DUKE ELLINGTON — An Intimate Piano Session (review)

DUKE ELLINGTON — An Intimate Piano Session album cover Album · 2017 · Swing Buy this album from MMA partners
4/5 ·
js
Although Duke Ellington has always been highly acclaimed for his composing, arranging and band leadership, you rarely hear much about his piano playing, possibly because there are not that many recordings available that highlight his skills at the keyboard. That unfortunate situation has been somewhat alleviated recently with this latest release of Ellington archival recordings called “An Intimate Piano Session”, which features Duke, mostly by himself on a grand piano, playing tunes that we don’t hear too often from him. Ellington was not a particularly flashy or technical player, but what he plays is often far more interesting than those who might have greater technical skills. In a recent interview, modern piano maverick Matthew Shipp pointed out that as a developing pianist he avoided the 70s triumvirate of Corea, Jarrett and Hancock, and instead focused on earlier players such as Ellington. No doubt Sun Ra’s path less traveled also revealed a strong Duke influence too.

Some of the best cuts on this CD come with the first four tracks. Here we hear the Ellington harmonic formula; ragtime, blues and stride piano mixed with mid-20th century concert hall music, particularly Debussy and Delius. This mix of blues and elegant impressionism became the predominate musical language of the 20th century, and for much of the current century as well. There are many more great cuts on here, particularly a very moving “Melancholia”, and “New World A-Comin”, which shows Duke at his most extravagant and technically flashy as he seems to be channeling piano virtuosos like Rachmaninoff and Chopin. There are couple cuts that feature vocalists Anita Moore and Tony Watkins. Of these two singers, Moore comes across better, as Watkin’s overly dramatic and operatic tenor sounds like period kitsch in today’s scene. This CD closes with a few cuts that feature Ellington on piano with organist Wild Bill Davis and a small rhythm section. Of these cuts, “The Lake” is sublime Latin exotica, but the rest are hardly essential.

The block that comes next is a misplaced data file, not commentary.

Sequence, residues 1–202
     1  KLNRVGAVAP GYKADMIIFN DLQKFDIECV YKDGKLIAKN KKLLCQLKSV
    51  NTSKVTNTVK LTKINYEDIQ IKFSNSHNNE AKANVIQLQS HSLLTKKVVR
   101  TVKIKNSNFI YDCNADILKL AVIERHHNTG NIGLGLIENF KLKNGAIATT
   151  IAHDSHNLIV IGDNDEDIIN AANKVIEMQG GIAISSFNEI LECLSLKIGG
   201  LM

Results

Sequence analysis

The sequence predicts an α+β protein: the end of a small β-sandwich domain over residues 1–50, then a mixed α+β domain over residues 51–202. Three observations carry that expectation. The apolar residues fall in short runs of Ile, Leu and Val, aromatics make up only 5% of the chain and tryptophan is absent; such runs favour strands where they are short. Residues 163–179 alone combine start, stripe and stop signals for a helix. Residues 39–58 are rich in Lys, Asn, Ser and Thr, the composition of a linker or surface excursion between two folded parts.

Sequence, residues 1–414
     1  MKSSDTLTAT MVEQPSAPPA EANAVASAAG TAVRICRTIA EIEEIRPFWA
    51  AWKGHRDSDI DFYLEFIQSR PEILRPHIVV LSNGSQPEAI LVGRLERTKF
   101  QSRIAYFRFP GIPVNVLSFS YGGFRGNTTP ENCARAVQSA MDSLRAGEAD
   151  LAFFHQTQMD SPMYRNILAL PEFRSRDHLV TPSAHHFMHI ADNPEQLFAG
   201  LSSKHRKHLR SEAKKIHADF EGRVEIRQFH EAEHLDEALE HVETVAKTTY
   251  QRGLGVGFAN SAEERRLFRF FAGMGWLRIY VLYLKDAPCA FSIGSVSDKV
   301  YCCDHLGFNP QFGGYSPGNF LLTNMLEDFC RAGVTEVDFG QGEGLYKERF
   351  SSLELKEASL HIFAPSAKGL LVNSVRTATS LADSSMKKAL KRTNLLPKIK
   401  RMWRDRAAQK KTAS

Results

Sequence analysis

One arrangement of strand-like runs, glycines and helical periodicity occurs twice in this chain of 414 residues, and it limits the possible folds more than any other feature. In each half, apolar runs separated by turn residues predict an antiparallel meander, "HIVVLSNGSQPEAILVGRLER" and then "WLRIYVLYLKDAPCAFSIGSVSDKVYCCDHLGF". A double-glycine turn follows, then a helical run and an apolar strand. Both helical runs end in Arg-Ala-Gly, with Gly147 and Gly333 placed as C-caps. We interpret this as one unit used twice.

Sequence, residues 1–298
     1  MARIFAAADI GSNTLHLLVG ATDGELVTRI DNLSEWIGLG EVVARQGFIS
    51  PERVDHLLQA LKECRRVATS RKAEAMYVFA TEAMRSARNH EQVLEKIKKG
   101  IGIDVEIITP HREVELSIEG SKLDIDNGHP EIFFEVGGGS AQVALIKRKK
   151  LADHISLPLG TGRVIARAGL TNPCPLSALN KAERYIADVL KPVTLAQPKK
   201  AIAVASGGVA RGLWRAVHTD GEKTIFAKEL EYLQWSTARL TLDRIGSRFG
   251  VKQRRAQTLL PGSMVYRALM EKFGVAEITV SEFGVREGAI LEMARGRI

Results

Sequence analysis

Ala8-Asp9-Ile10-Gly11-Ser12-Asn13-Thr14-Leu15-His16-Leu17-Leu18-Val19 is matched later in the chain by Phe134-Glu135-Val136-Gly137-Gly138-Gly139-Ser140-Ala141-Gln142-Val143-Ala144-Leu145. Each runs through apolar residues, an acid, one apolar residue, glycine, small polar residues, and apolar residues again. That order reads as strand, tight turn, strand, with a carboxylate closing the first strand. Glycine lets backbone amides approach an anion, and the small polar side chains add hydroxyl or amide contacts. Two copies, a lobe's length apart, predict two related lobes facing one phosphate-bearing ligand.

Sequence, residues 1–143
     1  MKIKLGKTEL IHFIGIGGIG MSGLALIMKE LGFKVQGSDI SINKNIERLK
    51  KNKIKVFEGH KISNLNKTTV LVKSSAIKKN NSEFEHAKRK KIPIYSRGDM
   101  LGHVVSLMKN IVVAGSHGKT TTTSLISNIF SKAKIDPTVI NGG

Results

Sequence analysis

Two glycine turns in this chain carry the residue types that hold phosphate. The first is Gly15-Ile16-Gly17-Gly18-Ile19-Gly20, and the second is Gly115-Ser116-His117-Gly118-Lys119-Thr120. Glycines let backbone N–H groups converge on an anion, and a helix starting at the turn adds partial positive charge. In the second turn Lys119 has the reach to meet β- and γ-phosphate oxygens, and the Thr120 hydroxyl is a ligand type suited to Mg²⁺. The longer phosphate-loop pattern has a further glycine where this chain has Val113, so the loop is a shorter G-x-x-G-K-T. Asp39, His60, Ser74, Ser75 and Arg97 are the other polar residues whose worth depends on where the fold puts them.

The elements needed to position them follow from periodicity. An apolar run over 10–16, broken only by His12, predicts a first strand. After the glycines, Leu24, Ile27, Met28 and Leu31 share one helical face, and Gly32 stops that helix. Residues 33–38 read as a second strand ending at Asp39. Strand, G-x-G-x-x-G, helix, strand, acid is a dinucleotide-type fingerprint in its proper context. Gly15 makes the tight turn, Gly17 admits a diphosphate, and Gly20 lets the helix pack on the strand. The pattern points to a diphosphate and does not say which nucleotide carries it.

There are a couple cuts on here that could have been left off, track 7 and 17 are unexplainable little song segments that serve very little purpose if any. The version of “Satin Doll” features Duke’s well known rap about finger snapping, possibly amusing if you never heard it before, but most long time Ellington fans have heard this routine a hundred times by now. Also, most of the tracks on “An Intimate Piano Session” are not polished performances, Duke stumbles here and there and attempts things he can’t quite pull off, but really good jazz isn’t necessarily about polish, Also, there is a noticeable tape slip on the second take of “Lotus Blossom”. Overall, this is a good CD that provides valuable insight into Ellington’s harmonic language on the piano, but with a little editing, it could be even better.
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